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Don Gregory Kunit, As Trustee, Etc v. George Kingston

December 23, 2010

DON GREGORY KUNIT, AS TRUSTEE, ETC., PLAINTIFF AND APPELLANT,
v.
GEORGE KINGSTON, DEFENDANT AND APPELLANT.



Super. Ct. No. PN28006 APPEALS from an order of the Superior Court of San Diego County, Richard G. Cline, Judge. Affirmed.

The opinion of the court was delivered by: McDONALD, J.

Kunit v. Kingston CA4/1

NOT TO BE PUBLISHED IN OFFICIAL REPORTS

California Rules of Court, rule 8.1115(a), prohibits courts and parties from citing or relying on opinions not certified for publication or ordered published, except as specified by rule 8.1115(b). This opinion has not been certified for publication or ordered published for purposes of rule 8.1115.

Don Kunit (Don) appeals a probate court order that approved the second account and report of George Kingston (George), the former trustee of the Kunit Family Trust dated September 28, 1994 (Trust), and awarded George $80,095.20, representing 60 percent of the attorney fees he requested in that account. On appeal, Don contends the trial court abused its discretion by: (1) approving the second account without requiring substantiation by George; and (2) awarding George any attorney fees. George cross-appeals, contending the trial court abused its discretion by awarding him only 60 percent of his requested attorney fees.

FACTUAL AND PROCEDURAL BACKGROUND*fn1

In 1994, John and Ethyl Kunit established the Trust, naming themselves as trustees. Their three children, Don, Elene (aka Elaine), and Gene Kunit, were beneficiaries of the Trust. George is Elene's son. In August 2001, John (but not Ethyl) executed a deed transferring his community property interest in their Alpine residence to Elene. In October 2001, Ethyl died, leaving John as the sole trustee. In 2002, George was appointed as an LPS conservator of John and acted as the successor trustee of the Trust.

In November 2004, Don filed a petition to determine title to certain Trust property (i.e., the Alpine residence).*fn2 George then filed a petition for instructions regarding title to Trust property. At some point prior to George's petition, Elene had placed a reverse mortgage on the Alpine residence and withdrawn substantial funds, increasing the mortgage on the property. In December 2004, John died, apparently leaving George as the Trust's successor trustee.

In 2005, George filed an amended first and current account and report of trustee. In April 2007, the trial court issued an order stating that: (1) John's deed to Elene was a valid and enforceable transfer of his community property interest in the Alpine residence; (2) Ethyl's community property interest in the Alpine residence remained as residual Trust property; (3) the residue of the Trust estate shall pass one-third each to Gene, Elene, and Don; (4) George is removed for cause as the Trust's trustee and Don is appointed as its successor trustee; (5) George acted with gross negligence in delaying to seek instructions from the court; (6) George's amended first and current account and report of trustee is disapproved; and (7) George is directed to prepare and file a second account and report current through January 31, 2007.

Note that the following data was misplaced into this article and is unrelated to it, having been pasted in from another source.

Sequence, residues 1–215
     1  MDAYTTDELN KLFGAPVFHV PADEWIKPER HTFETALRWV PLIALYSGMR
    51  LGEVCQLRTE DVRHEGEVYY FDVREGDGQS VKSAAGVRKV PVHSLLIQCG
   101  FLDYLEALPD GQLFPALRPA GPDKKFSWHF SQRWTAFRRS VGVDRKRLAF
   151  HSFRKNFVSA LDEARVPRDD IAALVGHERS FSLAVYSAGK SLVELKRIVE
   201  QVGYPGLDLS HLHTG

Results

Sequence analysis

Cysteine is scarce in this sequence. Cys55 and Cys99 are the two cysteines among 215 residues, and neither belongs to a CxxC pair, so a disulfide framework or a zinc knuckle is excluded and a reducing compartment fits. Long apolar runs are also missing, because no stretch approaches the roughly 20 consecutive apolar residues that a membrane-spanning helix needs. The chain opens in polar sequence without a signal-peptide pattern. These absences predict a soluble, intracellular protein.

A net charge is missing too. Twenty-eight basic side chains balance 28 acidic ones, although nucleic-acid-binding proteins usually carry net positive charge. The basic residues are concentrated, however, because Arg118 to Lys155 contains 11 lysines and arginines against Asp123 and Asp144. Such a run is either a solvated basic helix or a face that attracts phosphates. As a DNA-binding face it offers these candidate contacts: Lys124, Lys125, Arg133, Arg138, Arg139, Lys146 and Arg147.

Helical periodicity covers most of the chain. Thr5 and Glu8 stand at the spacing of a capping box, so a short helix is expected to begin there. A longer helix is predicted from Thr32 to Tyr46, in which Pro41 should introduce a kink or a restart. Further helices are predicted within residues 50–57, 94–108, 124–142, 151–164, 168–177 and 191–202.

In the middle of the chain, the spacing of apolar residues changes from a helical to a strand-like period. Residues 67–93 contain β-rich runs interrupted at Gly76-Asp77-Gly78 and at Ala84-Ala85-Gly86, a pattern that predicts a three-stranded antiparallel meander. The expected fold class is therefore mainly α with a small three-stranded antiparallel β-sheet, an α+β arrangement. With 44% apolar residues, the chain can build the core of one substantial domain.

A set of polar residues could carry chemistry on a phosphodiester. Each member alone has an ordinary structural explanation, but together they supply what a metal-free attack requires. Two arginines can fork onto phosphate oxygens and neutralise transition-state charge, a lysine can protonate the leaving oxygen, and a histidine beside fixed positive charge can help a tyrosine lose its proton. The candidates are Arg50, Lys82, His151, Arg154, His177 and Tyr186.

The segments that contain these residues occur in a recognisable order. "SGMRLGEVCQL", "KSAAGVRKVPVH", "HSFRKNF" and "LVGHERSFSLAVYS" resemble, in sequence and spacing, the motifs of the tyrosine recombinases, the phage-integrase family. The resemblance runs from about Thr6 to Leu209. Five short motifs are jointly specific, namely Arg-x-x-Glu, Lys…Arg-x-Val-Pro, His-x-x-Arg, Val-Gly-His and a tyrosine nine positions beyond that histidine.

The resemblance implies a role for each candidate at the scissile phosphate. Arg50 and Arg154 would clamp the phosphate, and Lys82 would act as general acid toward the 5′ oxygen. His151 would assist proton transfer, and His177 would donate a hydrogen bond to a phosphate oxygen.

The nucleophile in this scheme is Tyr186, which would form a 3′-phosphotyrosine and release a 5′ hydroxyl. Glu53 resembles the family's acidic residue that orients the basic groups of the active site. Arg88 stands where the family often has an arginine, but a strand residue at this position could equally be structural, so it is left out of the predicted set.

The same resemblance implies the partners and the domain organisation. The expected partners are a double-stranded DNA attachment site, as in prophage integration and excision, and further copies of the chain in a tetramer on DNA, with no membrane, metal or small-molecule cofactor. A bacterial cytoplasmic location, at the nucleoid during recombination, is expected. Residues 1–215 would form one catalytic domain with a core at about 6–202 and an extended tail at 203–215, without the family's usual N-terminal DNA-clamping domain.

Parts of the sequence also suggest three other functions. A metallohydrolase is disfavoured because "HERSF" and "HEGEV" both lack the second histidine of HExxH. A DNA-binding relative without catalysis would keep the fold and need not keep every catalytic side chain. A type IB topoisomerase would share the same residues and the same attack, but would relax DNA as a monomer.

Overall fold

In April 2007, George filed a second and current account and report of trustee (Second Account). In April 2008, he filed a supplement to the Second Account. On May 2, 2008, a hearing was held on the Second Account, as supplemented. The trial court's minutes for that hearing set forth the court's findings, as follows:

"The court has found that the Trustee [i.e., George] violated his fiduciary duties. He should not be allowed attorney's fees for any work related to his improper conduct. However, [George] and his attorney were required to perform work necessitated by acts or omissions of others. In particular, the Trustors did not document their intent in a clear fashion. A large part of the trial dealt with the question of determining what trust documents governed. In addition, Elene Kunit, not [George], is the person who improperly received money directly from the [T]rust. Finally, much of the controversy relates directly to the animosity that existed among the three children of Trustors. In view of the foregoing[,] it would be inequitable to deny [George] all of his attorney's fees. The court finds that a reasonable award is sixty percent of the attorneys fees claimed in the Second Account, or the sum of $80,095.20. The report and account, as supplemented, is otherwise approved. [George] will prepare a formal order."

On September 14, 2009, the trial court issued its written order after its hearing on the Second Account, awarding George 60 percent of the attorneys fees claimed in the Second Account (i.e., $80,095.20) and disallowing the remaining amount of $53,396.80. In all other respects, the court approved the Second Account, as supplemented, in its entirety.

On October 15, 2009, Don filed a notice of appeal challenging that order. On November 6, George filed a notice of cross-appeal ...


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